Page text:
Jetavana is quite big and it was bit hot too. After praying at Gandha Kuti and Anandabodhi tree some monks were seen resting and relaxing.

Pilgrims praying at Jetavana. They arrived on plush luxury coaches and were accompanied by professional guides carrying low sounding speakers.

It is believed that vedic king Shravasta was the founder of the city and it was the capital of Kosala kingdom during 6th century BCE to 6th century CE.

Pilgrim praying at Gandha kuti.

Selfie with Buddha at Ananda Bodhi tree, Shravasti.



Lalpari outside Thai Temple, Shravasti

The boundaries of ruins at Saheth and Maheth are believed to be the site of ancient Shravasti. Maheth was city-proper while Jetavana monastery was at Saheth.

Jetavana monastery is the main pilgrim center having  Gandha Kuti (Buddha’s hut) and Anandabodhi tree inside the large premises. The remains of three ancient sites; Stupa of Angulimala, Anathapindika and old Jain temple are at Maheth.

Buddhist monasteries from Thailand, South Korea, Sri Lanka, Myanmar, Tibet and China are also constructed at Sravasti.

While visiting a Jain ancient stupa I saw two naked jain sadhus flanked by two women walking on the road. Their walk was normal and with right posture. Since it was new to me, the site evoked strange feelings inside my mind. I could not but admire the mental strength of these saints.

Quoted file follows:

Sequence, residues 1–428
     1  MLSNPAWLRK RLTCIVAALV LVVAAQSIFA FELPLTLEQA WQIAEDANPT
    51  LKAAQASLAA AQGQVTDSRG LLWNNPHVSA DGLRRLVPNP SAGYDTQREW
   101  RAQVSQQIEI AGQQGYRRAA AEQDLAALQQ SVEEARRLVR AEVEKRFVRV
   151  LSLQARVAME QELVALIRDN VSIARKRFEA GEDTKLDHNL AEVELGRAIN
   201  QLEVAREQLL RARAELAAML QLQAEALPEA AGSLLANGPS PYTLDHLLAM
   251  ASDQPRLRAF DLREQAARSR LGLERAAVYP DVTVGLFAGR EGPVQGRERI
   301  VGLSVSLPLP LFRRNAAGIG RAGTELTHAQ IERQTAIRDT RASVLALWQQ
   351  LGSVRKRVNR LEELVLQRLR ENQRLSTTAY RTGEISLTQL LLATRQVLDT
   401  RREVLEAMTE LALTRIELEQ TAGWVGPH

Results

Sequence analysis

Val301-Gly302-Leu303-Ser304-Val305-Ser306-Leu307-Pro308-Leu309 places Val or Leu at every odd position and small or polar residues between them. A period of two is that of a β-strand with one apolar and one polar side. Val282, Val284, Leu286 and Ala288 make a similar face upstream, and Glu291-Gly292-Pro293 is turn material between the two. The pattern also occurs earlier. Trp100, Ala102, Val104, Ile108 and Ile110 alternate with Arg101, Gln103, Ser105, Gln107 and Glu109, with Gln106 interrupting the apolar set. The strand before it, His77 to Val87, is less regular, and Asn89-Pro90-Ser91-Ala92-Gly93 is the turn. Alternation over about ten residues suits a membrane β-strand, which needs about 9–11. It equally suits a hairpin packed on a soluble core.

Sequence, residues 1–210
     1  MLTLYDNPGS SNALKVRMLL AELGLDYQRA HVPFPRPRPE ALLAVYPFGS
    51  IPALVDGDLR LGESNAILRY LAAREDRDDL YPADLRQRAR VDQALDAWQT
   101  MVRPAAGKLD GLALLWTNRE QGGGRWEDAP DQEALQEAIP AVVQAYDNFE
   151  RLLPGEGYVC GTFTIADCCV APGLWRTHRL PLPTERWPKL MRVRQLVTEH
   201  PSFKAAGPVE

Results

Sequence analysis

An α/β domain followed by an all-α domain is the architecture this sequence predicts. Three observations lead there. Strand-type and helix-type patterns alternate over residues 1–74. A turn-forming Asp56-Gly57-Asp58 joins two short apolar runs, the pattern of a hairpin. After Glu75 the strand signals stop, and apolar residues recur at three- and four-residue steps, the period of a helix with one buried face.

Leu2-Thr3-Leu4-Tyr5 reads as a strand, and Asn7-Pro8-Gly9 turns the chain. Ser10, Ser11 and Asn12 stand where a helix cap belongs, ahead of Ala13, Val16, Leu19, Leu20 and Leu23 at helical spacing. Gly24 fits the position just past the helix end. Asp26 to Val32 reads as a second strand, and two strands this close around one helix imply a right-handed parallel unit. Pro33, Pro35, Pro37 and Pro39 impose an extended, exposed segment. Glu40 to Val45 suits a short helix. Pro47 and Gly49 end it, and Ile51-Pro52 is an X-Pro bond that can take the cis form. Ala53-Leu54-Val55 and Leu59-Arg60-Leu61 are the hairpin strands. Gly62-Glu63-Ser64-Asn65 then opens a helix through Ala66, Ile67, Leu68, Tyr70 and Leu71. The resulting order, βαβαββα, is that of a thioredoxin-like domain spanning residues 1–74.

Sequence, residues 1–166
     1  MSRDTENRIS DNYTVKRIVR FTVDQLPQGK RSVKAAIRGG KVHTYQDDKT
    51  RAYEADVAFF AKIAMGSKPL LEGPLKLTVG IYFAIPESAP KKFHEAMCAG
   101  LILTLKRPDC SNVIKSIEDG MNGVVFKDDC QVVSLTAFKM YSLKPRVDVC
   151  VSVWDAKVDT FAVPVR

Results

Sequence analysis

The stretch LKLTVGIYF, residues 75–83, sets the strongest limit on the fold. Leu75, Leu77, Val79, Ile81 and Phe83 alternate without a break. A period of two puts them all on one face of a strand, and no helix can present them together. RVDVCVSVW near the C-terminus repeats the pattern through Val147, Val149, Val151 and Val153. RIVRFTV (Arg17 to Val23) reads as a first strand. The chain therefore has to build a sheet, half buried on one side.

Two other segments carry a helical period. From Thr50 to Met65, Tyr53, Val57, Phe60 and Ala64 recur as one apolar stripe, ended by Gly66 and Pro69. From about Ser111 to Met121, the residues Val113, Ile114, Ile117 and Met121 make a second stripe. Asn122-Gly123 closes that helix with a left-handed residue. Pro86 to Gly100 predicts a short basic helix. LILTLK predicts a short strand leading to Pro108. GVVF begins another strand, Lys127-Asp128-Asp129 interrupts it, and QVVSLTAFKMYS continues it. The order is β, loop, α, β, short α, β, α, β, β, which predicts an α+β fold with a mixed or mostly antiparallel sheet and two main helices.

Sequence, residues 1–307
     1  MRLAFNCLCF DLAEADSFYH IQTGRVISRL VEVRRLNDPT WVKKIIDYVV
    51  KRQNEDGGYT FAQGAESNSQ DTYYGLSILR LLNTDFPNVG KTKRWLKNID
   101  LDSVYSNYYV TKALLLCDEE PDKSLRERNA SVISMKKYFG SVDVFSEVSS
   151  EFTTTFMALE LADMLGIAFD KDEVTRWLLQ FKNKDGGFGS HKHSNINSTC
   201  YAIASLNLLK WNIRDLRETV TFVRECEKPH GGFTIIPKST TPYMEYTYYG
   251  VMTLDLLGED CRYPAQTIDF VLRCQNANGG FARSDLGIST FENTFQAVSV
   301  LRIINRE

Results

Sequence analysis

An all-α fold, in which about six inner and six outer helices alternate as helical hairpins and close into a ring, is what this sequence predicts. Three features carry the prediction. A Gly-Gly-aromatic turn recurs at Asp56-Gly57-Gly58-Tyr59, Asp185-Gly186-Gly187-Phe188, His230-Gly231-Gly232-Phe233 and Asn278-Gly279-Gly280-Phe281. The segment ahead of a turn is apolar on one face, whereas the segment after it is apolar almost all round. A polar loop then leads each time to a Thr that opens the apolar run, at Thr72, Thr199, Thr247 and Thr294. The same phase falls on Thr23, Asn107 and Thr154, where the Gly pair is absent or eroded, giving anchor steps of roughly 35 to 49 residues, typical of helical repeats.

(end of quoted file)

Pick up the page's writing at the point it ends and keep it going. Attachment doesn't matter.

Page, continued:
Shravasti is also believed to be the birthplace of the Tirthankara Sambhavnath of Jainism, making it an important center for Jains as well. It is said that the city had a population of 900,000 in 5th century BCE and it even overshadowed Magadha capital, Rajgir.

Although there were still many sites to explore in Shravasti yet I decided to move on to Ayodhya. I had already driven for 170 kilometers to arrive at Sravasti on NH 730 through Bahraich and Ayodhya that morning and Ayodhya was still over 100 kilometers away.

Evening was setting in and I was aware of the fact that I was solo and in an unknown territory.

From Shravasti, the drive was through village roads and in pathetic condition. There were no signboards and I had to ask for directions at number of places. Seeing red car with PB number driven by a solo driver through the remote country road made everyone curious. It made me even more conscious and wanted to hit the main road as quickly as possible especially before sunset which luckily I did but at the expense of not clicking any pictures.

Reaching Ayodhya was a relief. I drove through the main road and many places to assess whether to sleep inside the car or find some suitable accommodation. Somehow felt safe near the main road near naya ghat. There were number of rehries and eating places, buses and autos were plying. Interestingly, many rehri walas were watching India vs Bangladesh cricket match on mobile TVs.

I kept walking on the bridge over Sarayu River and on the ghats until I felt sleepy and went to sleep inside the car parked near the market on the banks of the river.

I pinched myself, is it true. I am sleeping on the banks of fabled Sarayu River, the land of our legendary king, land of Raja Ram, Ram Janam Bhoomi of Ram Lalla, of Ram Rajya, of Ram Leela, of Ram Temple.

A Dream Come True…..Raghupati Raghav Raja Ram Patit Pawan Sita Ram.

Route map of the day.